Last week, as I was reading “Will you miss me when I’m gone?” I took note of an interesting passage. Some Hillbillies were remarking about preachers and saying that many who were called to preach could barely read. My impression was that these preachers claimed to not need any learning because they knew the Lord and had been called to preach. some things never change
Let’s be honest, as a pastor, I have a ridiculous amount of time to read and study. I have one of very few jobs where studying is near the top of my job description. Yet many of my fellow laborers in the ministry seem to take pride in their lack of book learning. In fact, as a group, pastors are some of the least read people I know.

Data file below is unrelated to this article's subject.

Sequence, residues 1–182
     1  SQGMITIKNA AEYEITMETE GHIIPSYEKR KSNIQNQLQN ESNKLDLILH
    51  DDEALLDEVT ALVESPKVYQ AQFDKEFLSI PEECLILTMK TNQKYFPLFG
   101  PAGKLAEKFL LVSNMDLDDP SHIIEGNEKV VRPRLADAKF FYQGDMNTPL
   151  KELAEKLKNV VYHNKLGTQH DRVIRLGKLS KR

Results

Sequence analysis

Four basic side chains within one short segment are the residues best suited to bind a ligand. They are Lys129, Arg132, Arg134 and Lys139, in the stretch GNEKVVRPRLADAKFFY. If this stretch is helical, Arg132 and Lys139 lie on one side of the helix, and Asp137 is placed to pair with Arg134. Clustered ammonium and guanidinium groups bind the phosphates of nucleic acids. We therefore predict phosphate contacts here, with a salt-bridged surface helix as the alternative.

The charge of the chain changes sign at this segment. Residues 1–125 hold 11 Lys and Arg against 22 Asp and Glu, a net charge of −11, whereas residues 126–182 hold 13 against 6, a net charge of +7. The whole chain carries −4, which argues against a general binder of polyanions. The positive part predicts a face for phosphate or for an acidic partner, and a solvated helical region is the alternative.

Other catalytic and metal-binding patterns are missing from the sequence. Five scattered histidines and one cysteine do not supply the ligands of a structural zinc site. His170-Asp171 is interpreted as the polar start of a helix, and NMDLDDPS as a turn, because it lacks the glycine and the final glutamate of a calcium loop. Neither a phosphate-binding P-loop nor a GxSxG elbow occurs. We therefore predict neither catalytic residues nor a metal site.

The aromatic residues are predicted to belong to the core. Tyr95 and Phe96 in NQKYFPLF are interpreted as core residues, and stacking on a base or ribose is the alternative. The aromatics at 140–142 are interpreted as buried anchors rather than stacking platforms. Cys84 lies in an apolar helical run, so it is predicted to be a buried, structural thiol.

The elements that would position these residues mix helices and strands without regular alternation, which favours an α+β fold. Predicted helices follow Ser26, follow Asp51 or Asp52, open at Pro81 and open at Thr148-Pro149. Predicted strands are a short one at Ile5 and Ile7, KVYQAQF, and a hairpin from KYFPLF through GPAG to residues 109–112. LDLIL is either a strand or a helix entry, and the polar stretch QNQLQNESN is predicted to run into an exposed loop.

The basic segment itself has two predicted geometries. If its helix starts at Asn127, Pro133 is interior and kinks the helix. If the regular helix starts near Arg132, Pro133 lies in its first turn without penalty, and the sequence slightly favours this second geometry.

I was reading in my devotions today where Paul was preaching to the pagans at Mars Hill and I noticed that he quoted their poets. It dawned on me again that he couldn’t have quoted their poets without first reading their poets and I think it’s reasonable to assume, based on context alone, that their poets weren’t writing Christian commentaries. Paul was, we can assume, widely read.
Fellow pastors, please stop taking pride in your lack of learning. Read books. Watch TED talks. Read novels and biographies and philosophy books and even self-help books. Listen to audiobooks while you sweep up or exercise. Be at least as well read as your banker or dentist.
And work hard at not being obnoxious about it. Don’t use bigger words than necessary. Don’t casually mention Kant or Kierkegaard to a group of people who have no idea who they were. Remember there is nothing so unimpressive as a self-important doofus talking over peoples heads. That’s not a sign of intelligence, it’s a sign of insecurity.
But do read. Do study. It’s easier than ever for people to tell you don’t know much. So keep the books open.